Coronavirus (COVID-19) update: Busting the myth by looking at the facts

coronavirus picture

Centers for Disease Control and Prevention. A digital illustration of the coronavirus shows the crown-like appearance of the virus. (UN News)

Finally, some good news about the new coronavirus pneumonia outbreak (COVID-19). According to Reuters, China’s National Health Commission reported a substantial drop of 77% in new coronavirus cases last week, as the number of new cases in China dropped last Wednesday to 394 from 1,749 on the previous day. According to CNN’s most recent report, indeed the coronavirus situation is currently stabilising in China.

In addition, researchers from the University of Queensland (UQ) in Australia have announced their major breakthrough in developing the first coronavirus vaccine. More good news comes from Texas, US, whereby an American genetic engineering company reports it has completed the development of a coronavirus vaccine. Other multinational drug companies like Sanofi and Janssen are entering the race of developing the vaccine. Moreover, China’s Vice Science and Technology Minister Xu Nanping stated that China is starting trials on its coronavirus vaccine in a month’s time from now.

Is the coronavirus more deadly than Ebola, SARS, MERS? On the contrary, COVID-19 has the lowest fatality rate compared to other deadly viruses. According to the Royal Australian College of General Practitioners, while the new coronavirus pneumonia has a case fatality rate (CFR) of 2.65%, Ebola has a CFR as high as 50%, MERS has a CFR of 34.4% and SARS has a CFR of 14-15%. Hence, coronavirus shouldn’t be compared even to the rest as the fatality rate is much lower. Unfortunately, the latter isn’t stressed in the news headlines whatsoever, simply because fearmongering and sensationalism is something that other media do for a living. Also, factual data like the low fatality rate of COVID-19 would stop the panic and result in a more realistic approach to the coronavirus outbreak, which could lead pop media to lose pop readership.

Besides, the European Centre for Disease Prevention and Control, the official EU Agency, which provides daily updates on the coronavirus, clearly stipulates about today that “the risk associated with COVID-19 infection for people from the EU/EEA and UK is currently considered to be low to moderate.”

What is the real reason behind this overly exaggeration of the press about COVID-19?

Since the outbreak of coronavirus in December 2019 in China’s Hubei province, the world has been witnessing an increase in coronavirus cases with approximately 80,000 people being infected around the world. China’s government has already taken emergency measures to contain the expansion of the disease like controlling the movement of people in the Hubei province or building a new large hospital to treat the coronavirus cases in a matter of days.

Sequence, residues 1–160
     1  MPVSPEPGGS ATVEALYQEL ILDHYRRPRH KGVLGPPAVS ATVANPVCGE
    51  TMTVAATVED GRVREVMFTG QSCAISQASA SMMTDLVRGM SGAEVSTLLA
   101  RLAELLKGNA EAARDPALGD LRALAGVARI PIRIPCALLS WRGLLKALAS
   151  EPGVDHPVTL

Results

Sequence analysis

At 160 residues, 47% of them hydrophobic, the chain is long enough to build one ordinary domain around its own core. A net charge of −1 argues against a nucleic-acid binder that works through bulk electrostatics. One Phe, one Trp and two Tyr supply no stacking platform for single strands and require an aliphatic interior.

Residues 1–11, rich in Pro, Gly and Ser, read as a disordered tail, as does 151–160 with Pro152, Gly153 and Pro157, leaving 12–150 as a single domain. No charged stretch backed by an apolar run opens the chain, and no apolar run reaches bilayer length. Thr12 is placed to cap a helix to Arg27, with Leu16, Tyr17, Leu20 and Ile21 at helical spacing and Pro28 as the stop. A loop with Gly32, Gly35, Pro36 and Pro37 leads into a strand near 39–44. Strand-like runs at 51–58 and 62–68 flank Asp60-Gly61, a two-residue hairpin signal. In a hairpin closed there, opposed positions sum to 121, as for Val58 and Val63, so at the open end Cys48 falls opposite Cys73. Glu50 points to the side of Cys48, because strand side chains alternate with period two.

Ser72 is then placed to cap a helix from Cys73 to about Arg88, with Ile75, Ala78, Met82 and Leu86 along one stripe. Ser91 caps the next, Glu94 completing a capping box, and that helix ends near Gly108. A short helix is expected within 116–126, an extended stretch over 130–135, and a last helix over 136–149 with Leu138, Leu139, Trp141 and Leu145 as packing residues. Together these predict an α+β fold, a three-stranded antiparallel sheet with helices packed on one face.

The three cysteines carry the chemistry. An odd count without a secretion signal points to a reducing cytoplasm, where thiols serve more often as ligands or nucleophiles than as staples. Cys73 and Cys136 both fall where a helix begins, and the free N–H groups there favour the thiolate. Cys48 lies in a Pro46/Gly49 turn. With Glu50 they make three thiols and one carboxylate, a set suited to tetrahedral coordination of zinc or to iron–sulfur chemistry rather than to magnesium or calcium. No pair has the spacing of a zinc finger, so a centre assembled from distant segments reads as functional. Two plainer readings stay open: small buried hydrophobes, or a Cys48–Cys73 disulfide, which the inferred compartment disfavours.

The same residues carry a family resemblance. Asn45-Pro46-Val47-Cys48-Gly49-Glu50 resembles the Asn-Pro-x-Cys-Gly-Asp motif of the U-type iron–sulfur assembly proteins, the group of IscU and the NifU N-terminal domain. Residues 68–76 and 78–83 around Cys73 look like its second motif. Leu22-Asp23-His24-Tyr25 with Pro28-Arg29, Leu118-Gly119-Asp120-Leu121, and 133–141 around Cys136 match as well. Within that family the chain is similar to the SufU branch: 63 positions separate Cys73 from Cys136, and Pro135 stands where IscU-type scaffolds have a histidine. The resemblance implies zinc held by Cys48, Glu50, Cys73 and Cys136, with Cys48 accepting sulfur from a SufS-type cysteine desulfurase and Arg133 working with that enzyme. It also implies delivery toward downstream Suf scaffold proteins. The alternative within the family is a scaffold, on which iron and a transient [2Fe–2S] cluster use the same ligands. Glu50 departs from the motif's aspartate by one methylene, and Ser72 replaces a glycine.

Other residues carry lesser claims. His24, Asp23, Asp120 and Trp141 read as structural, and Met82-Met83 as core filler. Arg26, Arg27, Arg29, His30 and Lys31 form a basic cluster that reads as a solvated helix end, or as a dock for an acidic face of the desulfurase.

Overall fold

Nevertheless, during the first two months of 2020 the world has been taking some exaggerated measures against China like cancelling/blocking flights to/from China which refer to both transfers of people and goods. And all that despite the fact that the World Health Organization has been adamant that such measures are not recommended.

In addition, the world’s press has been extremely critical over the strict isolation measures taken by China to confine the outbreak. They also blamed China for violating human rights. At the same time in Italy these days entire villages and towns in the northern part of the country are completely quarantined by the Italian government. Consequently, the latter shows that what China does for the Hubei province is nothing more than standard emergency prevention measure to be taken by a country.

Moreover, as a result of fearmongering by the media through the omission of facts like for example the low fatality rate of the coronavirus, people tend to have a racist approach against Chinese citizens who are living or traveling outside China. Isn’t it utterly unfair though and absolutely wrong to assimilate the few dozens of thousands of coronavirus cases with the 1.4 billion population of a country?

As regards the coronavirus’ impact on the second biggest economy of the world, besides the opportunistic approach by many markets to capitalise on this emergency with hostility, it seems that the economy is not dearly affected as gamblers would hope. In particular, the Ambassador of China to the EU has been recently reassuring on the matter: “With business activities deferred and demand for services reduced, there is some impact on the Chinese economy. Yet the impact is limited, short-term and manageable. The epidemic will not change the positive prospects of the Chinese economy in the long term, the huge market demand offered by the 1.4 billion Chinese people, nor China’s commitment to reform and opening-up. There is no need for global investors to worry too much.”

All in all, while the coronavirus is surely a new challenge for the world in 2020, it is much needed that the world’s media maintain a balanced approach, discussing the coronavirus outbreak objectively without tactically losing interest from positive evolutions and news like the vaccination development achievements, the low fatality rate of the disease or the drop in the cases in China or effective responses. The latter is necessary to avoid that people panic. Besides, WHO has established a specific website to inform people and media about the coronavirus, which is based on facts, a sine qua non for journalism as it should be.

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